Through the presence of the Wagner group and the gradual influence of Iran, both countries aim to expand their influence in the region and acquire new allies

Iran and Russia gain strength in Mali

photo_camera PHOTO/French Army via AP - This undated file photo released by the French army shows three Russian mercenaries, right, in northern Mali

A month after French troops officially left Mali, the country continues to prepare for the new phase of power transition in a hostile climate, threatened by attacks from jihadist groups.

Taking advantage of the power and security vacuum left by French troops, Russia and its paramilitary group Wagner continue to gradually fill the gaps left by the West's withdrawal. Indeed, the continuing threats to Mali, as well as the advance of terrorism in the Sahel region, provide an opportunity for Moscow to show itself as the African country's security provider and supporter and thus expand its influence.


In this way, Russia is establishing itself as one of the Bamako government's main partners, something that also benefits the country itself, as Russia has pledged to provide "security, stability and unity" in exchange for Moscow allowing its companies to prospect for minerals and gold.

However, Russia and its military presence is not the only country that has tried to establish itself in Mali. Iran, like Russia, is also reportedly interested in trying to influence the country, as well as gaining the support of local allies by helping to consolidate the national government.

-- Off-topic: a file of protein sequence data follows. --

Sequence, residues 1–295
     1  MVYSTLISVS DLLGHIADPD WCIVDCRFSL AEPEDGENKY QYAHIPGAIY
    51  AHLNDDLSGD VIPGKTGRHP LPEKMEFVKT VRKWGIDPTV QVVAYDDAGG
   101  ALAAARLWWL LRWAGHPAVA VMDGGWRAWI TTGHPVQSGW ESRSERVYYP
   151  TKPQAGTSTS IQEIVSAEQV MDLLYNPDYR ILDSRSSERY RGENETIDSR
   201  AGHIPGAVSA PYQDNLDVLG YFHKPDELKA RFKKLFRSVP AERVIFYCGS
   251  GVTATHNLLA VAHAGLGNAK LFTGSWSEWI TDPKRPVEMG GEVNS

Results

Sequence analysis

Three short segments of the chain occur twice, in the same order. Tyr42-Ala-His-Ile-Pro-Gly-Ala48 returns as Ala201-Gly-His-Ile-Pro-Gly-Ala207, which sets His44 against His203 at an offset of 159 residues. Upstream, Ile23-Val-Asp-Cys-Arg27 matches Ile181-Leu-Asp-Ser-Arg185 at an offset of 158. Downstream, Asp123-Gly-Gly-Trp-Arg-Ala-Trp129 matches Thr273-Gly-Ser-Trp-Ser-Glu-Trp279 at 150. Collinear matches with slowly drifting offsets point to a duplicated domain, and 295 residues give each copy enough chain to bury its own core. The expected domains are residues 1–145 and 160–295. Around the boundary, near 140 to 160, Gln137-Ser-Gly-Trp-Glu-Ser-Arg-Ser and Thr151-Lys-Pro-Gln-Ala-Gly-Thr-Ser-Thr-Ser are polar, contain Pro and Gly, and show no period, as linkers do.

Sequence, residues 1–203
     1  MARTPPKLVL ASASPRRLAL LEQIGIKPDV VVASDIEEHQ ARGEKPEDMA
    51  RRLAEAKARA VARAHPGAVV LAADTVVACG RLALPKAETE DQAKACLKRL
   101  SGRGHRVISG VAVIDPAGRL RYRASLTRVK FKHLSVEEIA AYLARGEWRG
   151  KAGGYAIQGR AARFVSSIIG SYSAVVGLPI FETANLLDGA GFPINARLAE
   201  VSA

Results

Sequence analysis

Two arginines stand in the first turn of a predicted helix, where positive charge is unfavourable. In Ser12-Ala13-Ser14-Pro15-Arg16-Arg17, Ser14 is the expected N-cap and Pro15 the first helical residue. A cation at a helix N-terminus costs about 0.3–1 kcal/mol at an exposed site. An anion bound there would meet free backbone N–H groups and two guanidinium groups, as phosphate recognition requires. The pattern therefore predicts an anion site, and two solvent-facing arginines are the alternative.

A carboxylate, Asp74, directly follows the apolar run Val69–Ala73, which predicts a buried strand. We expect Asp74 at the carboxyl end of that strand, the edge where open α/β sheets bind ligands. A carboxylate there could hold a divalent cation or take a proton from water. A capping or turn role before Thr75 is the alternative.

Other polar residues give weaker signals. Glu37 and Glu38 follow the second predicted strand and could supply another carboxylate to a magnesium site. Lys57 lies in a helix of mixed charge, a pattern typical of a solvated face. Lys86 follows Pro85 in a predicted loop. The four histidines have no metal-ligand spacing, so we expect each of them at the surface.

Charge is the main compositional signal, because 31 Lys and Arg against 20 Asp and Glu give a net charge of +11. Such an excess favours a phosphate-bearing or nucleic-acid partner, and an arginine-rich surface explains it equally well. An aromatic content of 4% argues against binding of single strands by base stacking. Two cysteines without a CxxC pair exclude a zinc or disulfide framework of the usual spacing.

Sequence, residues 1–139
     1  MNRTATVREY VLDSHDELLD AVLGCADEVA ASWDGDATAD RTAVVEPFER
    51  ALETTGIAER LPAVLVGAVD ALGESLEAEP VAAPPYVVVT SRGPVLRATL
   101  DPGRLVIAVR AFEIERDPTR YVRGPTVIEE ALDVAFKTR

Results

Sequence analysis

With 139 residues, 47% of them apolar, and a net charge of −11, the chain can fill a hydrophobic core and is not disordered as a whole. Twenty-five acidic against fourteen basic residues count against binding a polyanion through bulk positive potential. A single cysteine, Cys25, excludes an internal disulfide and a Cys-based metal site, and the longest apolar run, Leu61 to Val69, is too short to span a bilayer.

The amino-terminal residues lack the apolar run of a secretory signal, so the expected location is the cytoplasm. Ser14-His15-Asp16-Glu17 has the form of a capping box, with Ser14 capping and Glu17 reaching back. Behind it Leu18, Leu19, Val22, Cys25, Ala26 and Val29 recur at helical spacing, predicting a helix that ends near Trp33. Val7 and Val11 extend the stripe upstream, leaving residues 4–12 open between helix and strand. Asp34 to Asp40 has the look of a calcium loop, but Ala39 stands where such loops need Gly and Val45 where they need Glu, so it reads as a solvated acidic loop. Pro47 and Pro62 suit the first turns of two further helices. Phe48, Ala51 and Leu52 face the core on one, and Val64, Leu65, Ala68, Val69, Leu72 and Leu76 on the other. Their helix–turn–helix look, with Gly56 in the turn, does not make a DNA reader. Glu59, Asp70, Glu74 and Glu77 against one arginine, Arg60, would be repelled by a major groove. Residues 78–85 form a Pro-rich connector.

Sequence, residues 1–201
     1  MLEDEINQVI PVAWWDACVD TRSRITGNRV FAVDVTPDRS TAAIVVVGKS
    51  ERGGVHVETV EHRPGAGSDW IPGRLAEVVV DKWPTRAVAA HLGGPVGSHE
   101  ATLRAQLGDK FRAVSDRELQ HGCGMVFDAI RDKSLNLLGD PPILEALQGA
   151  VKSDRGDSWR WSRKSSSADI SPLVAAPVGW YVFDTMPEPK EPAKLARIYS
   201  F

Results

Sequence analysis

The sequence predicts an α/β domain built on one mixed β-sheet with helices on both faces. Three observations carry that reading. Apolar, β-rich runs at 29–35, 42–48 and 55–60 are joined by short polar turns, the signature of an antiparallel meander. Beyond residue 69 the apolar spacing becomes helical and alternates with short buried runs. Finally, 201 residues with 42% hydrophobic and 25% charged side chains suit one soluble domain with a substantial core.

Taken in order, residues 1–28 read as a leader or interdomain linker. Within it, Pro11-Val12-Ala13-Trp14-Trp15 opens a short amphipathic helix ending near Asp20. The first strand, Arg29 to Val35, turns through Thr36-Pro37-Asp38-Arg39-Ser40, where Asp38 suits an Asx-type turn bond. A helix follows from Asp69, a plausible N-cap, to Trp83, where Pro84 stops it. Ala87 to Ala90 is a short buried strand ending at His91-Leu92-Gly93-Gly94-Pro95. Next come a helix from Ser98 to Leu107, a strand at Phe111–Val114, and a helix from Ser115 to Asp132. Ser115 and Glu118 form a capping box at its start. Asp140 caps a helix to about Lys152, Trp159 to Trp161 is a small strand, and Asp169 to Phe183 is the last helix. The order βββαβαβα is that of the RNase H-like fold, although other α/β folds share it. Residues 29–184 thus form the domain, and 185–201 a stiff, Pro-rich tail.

Already a year ago, before the departure of the French troops, the head of the Russian Foreign Ministry's International Organisations Department, Pyotr Ilichov, stated that "Russia and Mali have a long-standing friendly relationship that goes back to the Soviet Union period (...). We will continue to defend Bamako's interests within the framework of the United Nations," he said, noting that "through state channels we will provide active assistance to the Malian side in the military sphere" since the African country "is key to enhancing security in the Sahel".

The recent visit of Iranian Foreign Minister Hossein Amir-Abdollahian to Mali confirms this. Tehran, along the same lines as Moscow, is trying to foster cooperation with the country in an attempt to curb jihadist groups and prevent the country from falling into chaos due to both internal conflicts and external threats, in exchange for Bamako also allowing Tehran to take advantage of its abundant uranium and gold resources.


In addition, analysts suggest that Russia and Iran are working together to replace Western influence in the country by seeking to provide economic support and food supplies, such as wheat along with oil products and fertilisers, as well as security cooperation and the rehabilitation of the Malian army.

If the Malian army is recovered and strengthened, thanks to Iranian and Russian assistance, both Tehran and Moscow will be well placed to become strategic allies in the region, a success that would surpass France's role in the region but would jeopardise the influence that the West has tried to maintain in the region through anti-terrorist aid. 


In recent months, the Malian army has received modern surveillance radars, helicopters, military fighters, drones and more Russian trainers from Russia, as well as an increased presence of the Wagner group in areas previously managed by French troops.

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